Friday, March 27, 2009

Balancing budget by selling power?

I have written at length about the distortions brought about by de-regulation in the electricity sector here and here. Now Businessline has more proof of the same - about how many eastern states have been cashing in on the power shortages elsewhere in the country.

The three main ways of short-term transfer of electricity between regions is through the bilateral route (directly between distribution companies and through power traders), through the two operational Power Exchanges (IEX and PXIL) and through the Unscheduled Interchange (UI) route (the incentive mechanism allowing inter-regional exchanges under the current Availability Based Tariff regime). In April-December, the weighted average sale price for electricity transacted through traders was Rs 7.90 per unit, through Power Exchanges was Rs 6.50 a unit, while that through the UI mechanism was Rs 5 a unit for the integrated NEW (North-East-West) grid.

Businessline reports that between April-January this fiscal, the states of Orissa, West Bengal, and Jharkhand exported close to 11,000 million units (MU) (of the total inter-regional exchanges of 19,181 MUs that took place in the period, they accounted for 10,839 MUs or 57% of the total exports) to other regions, although this has meant load-shedding in their respective States. Even on a conservative estimate, the power exports could have fetched them upwards of Rs 5,500 crore during the 10-month period, taking the average traded price at Rs 5 per unit. These states and others like Himachal Pradesh have been financing the state budgetary expenditures from selling power, even at the cost of imposing load relief on its own residents.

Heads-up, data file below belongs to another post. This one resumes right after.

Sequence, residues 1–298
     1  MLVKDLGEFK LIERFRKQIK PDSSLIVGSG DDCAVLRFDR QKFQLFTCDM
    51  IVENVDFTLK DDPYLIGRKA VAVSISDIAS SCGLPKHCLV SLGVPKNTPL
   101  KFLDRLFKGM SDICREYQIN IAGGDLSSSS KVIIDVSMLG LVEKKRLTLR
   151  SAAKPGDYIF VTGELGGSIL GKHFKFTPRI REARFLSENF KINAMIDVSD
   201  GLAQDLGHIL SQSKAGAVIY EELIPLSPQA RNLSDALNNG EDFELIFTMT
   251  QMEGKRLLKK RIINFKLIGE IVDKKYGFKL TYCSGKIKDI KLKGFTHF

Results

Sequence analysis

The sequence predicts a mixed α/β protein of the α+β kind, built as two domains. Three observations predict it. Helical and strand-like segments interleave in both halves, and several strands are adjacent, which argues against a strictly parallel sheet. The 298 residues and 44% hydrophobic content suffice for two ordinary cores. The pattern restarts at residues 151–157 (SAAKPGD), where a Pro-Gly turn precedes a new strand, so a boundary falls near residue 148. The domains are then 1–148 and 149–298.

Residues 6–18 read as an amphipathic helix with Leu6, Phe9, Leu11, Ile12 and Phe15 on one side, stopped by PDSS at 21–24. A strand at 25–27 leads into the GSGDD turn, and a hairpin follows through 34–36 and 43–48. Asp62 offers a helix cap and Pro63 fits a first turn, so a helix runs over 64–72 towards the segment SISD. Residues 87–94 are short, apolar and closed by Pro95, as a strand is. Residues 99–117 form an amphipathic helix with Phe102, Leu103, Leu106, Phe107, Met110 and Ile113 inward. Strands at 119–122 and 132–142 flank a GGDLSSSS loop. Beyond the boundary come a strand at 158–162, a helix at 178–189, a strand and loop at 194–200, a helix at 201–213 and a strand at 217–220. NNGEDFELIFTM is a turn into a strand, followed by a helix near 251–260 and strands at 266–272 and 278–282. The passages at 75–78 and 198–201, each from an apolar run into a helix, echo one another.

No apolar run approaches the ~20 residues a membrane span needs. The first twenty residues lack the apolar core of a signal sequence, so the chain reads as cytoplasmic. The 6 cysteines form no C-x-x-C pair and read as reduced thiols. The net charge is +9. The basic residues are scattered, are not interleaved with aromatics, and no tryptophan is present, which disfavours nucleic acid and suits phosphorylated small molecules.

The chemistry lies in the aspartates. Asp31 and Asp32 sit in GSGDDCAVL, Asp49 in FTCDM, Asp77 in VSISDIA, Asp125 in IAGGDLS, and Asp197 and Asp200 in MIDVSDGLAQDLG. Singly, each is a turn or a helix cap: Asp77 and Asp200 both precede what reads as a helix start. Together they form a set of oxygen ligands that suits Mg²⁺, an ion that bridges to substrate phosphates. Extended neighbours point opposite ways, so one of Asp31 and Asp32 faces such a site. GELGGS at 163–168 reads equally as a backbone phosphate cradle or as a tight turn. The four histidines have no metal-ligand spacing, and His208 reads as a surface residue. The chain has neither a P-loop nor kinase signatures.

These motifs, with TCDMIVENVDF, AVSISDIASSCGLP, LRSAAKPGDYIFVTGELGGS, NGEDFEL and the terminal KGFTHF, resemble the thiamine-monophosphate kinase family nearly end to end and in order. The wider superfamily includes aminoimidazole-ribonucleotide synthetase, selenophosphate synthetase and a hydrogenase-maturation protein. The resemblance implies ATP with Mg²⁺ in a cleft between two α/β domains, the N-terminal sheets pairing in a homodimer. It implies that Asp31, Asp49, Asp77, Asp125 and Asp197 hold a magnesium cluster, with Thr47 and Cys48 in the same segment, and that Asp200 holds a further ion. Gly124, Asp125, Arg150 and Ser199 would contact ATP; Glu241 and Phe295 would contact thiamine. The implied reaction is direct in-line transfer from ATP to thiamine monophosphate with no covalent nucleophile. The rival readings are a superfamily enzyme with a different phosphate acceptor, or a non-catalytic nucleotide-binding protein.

The approaching elections and the huge stakes associated with provision of electricity have only exacerbated these trends. With peak power deficits mounting (due to coming summer and increased agriculture use), State governments, many of whom are ensconced on the free-power bandwagon, are going out of way and at any cost to ensure that the popular goodwill generated by "free power" are not frittered away on election eve. These states are on the market with a mandate to purchase power at any cost, an ideal situation for profiteering for traders, generators and even many of the aforementioned power exporting states. In fact, even as the elections approach, the prices on the firm and day ahead power from traders and day ahead power from exchanges, approaches Rs 12-14 per unit and is set to go even beyond.

Update 1
FE reports that Chhattisgarh, Delhi, Gujarat, West Bengal and Punjab have emerged as the top five states selling electricity with 71.19% of total volume. Rajasthan, Andhra Pradesh, Maharashtra, Karnataka and Tamil Nadu are the top five purchasers, with 73.05% of the total volume. In February, of the total electricity generation, 3935.62 mu (6.89%) was through short-term transactions, 2148.94 mu (3.76%) through bilateral transactions (traders and distribution companies), 1569.11 mu (2.75%) through unscheduled interchange (UI) and 217.57 mu (0.38%) through power exchanges. Of the total short-term transactions of electricity, 54.60% was traded through bilateral transactions, followed by 39.87% through UI and 5.53% through power exchanges.

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